“The purpose of the DSM-III-R is to provide clear descriptions of diagnostic categories in order to enable clinicians and investigators to diagnose, communicate about, study, and treat the various mental disorders. It is to be understood that inclusion here, for clinical and research purposes, of a diagnostic category such as Pathological Gambling or Pedophilia does not imply that the conditions meets legal or other non-medical criteria for what constitutes mental disease, mental disorder, or mental disability. The clinical and scientific considerations involved in categorization of these conditions as mental disorders may not be wholly relevant to legal judgments, for example, that take into account such issues as individual responsibility, disability determination, and competency.”  (Emphasis added.)
The editors of this edition admit to the frailties of using DSM diagnoses in a forensic setting due to the “imperfect fit between the questions of ultimate concern to the law and the information contained in a clinical diagnosis”:
- “…although this manual provides a classification of mental disorders, it must be admitted that no definition adequately specifies precise boundaries for the concept of ‘mental disorder.’” 
- “In DSM-IV, there is no assumption that each category of mental disorder is a completely discrete entity with absolute boundaries dividing it from other mental disorders or from no mental disorder.” 
- “When the DSM-IV categories, criteria, and textual descriptions are employed for forensic purposes, there are significant risks that diagnostic information will be misused or misunderstood. These dangers arise because of the imperfect fit between the questions of ultimate concern to the law and the information contained in a clinical diagnosis. In most situations, the clinical diagnosis of a DSM-IV mental disorder is not sufficient to establish the existence for legal purposes of a ‘mental disorder,’ ‘mental disability,’ ‘mental disease’ or ‘mental defect.’ In determining whether an individual meets a specified legal standard (e.g., for competence, criminal responsibility, or disability), additional information is usually required beyond that contained in the DSM-IV diagnosis. This might include information about the individual’s functional impairments and how these impairments affect the particular abilities in question. It is precisely because impairments, abilities, and disabilities vary widely within each diagnostic category that assignment of a particular diagnosis does not imply a specific level of impairment of disability.”  (Emphasis added.)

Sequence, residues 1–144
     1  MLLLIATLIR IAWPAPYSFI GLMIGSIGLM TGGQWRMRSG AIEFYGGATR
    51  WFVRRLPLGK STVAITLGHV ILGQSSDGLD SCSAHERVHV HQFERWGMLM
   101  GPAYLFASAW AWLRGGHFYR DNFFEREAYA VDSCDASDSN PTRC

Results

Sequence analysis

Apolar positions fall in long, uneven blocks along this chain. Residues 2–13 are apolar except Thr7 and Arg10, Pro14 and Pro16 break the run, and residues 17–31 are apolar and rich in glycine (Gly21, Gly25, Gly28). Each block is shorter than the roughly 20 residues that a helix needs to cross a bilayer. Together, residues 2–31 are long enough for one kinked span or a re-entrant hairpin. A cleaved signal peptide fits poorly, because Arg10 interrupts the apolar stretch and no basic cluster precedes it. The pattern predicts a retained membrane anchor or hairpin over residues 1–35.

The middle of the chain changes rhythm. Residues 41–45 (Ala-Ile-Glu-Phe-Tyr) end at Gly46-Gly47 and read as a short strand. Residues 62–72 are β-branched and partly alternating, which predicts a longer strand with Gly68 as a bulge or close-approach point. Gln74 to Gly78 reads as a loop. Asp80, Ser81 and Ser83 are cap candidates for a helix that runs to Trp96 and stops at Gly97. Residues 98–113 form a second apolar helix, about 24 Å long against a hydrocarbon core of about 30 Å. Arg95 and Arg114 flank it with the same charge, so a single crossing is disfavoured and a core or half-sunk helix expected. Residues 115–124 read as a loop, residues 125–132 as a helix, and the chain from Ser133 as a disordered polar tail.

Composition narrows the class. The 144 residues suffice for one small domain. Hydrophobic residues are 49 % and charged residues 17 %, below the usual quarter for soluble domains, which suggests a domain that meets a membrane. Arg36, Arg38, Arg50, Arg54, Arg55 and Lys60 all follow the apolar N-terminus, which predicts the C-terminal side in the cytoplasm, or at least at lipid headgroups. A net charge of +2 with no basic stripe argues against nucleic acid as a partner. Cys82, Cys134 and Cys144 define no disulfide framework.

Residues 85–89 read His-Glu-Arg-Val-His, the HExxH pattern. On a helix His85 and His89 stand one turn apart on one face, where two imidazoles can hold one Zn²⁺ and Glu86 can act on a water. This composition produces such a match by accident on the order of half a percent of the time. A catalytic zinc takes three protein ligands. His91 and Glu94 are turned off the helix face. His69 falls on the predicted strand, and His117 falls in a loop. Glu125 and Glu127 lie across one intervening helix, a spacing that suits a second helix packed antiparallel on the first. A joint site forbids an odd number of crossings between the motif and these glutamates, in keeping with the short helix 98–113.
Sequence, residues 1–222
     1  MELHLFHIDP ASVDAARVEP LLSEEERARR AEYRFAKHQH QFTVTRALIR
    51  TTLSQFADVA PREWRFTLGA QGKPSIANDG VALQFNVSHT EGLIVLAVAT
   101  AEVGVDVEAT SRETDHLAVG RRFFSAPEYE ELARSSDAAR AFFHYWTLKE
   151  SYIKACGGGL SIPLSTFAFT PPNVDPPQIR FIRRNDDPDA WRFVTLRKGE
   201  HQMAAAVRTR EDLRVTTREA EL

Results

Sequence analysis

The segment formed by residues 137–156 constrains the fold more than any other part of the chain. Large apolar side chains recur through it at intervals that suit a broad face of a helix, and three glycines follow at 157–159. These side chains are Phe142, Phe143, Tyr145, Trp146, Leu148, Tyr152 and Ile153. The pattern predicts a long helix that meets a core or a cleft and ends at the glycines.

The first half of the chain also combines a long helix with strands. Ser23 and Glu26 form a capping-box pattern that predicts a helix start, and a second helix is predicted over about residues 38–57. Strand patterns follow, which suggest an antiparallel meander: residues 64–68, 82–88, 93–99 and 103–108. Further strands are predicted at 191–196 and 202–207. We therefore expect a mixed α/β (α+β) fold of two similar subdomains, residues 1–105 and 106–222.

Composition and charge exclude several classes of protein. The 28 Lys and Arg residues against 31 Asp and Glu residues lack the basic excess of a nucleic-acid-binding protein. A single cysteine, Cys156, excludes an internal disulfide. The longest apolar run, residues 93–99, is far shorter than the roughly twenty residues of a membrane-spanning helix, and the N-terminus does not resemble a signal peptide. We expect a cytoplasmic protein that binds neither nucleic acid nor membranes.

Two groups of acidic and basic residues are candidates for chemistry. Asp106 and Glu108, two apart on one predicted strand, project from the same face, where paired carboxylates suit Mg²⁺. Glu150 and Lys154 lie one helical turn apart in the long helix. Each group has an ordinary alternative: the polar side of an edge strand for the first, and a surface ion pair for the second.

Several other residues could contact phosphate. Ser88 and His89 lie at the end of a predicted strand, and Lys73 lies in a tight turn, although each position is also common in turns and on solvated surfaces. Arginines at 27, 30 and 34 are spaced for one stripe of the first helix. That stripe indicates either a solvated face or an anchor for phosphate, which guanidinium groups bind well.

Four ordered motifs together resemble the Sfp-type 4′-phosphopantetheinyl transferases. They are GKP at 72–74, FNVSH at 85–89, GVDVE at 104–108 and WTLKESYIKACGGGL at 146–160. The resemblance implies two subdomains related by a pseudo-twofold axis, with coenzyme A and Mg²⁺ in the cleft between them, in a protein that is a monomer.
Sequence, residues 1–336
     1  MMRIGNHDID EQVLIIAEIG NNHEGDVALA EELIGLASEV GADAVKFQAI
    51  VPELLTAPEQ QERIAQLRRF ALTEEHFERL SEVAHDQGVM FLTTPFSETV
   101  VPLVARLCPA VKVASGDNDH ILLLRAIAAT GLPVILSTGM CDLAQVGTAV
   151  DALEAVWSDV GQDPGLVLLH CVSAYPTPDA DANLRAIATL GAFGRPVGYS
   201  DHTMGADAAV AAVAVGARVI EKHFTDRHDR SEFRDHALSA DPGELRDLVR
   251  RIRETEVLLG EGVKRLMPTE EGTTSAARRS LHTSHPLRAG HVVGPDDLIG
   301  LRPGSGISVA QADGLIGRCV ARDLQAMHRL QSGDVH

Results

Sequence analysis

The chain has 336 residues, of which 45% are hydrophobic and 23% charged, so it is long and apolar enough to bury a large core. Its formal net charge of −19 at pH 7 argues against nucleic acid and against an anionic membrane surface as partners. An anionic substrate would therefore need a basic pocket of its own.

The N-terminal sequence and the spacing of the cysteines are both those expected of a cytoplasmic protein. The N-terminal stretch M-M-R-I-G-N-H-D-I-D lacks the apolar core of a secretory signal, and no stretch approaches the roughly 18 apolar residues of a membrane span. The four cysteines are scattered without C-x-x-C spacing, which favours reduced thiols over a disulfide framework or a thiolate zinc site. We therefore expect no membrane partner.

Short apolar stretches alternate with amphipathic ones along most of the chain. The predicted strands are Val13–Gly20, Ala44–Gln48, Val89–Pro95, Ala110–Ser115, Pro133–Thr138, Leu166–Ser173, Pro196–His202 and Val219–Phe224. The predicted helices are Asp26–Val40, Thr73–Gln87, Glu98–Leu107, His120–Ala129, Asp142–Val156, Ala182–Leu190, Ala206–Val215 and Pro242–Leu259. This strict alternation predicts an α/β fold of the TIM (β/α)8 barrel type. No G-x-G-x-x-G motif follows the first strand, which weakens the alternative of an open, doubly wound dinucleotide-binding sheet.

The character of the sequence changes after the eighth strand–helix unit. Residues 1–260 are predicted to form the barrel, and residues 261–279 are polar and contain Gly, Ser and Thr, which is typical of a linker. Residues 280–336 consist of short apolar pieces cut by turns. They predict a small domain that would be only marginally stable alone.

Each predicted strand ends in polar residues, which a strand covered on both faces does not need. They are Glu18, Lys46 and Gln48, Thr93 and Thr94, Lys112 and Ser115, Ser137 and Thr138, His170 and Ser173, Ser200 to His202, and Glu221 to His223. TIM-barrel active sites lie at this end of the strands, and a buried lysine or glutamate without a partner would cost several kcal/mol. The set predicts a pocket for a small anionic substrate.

The editors of DSM admit that a psychiatric diagnosis is dependent upon culture and geography—an admission which further erodes any scientific credibility. In other words, someone who hears voices on a Native American reservation may be considered normal but in Los Angeles would be headed for involuntary commitment:
- “Diagnostic assessment can be especially challenging when a clinician from one ethnic or cultural group uses the DSM-IVClassification to evaluate an individual from a different ethnic or cultural group. A clinician who is unfamiliar with the nuances of an individual’s cultural frame of reference may incorrectly judge as psychopathology those normal variations in behavior, belief, or experience that are particular to the individual’s culture. For example, certain religious practices or beliefs (e.g., hearing or seeing a deceased relative during bereavement) may be misdiagnosed as manifestations of a Psychotic Disorder.”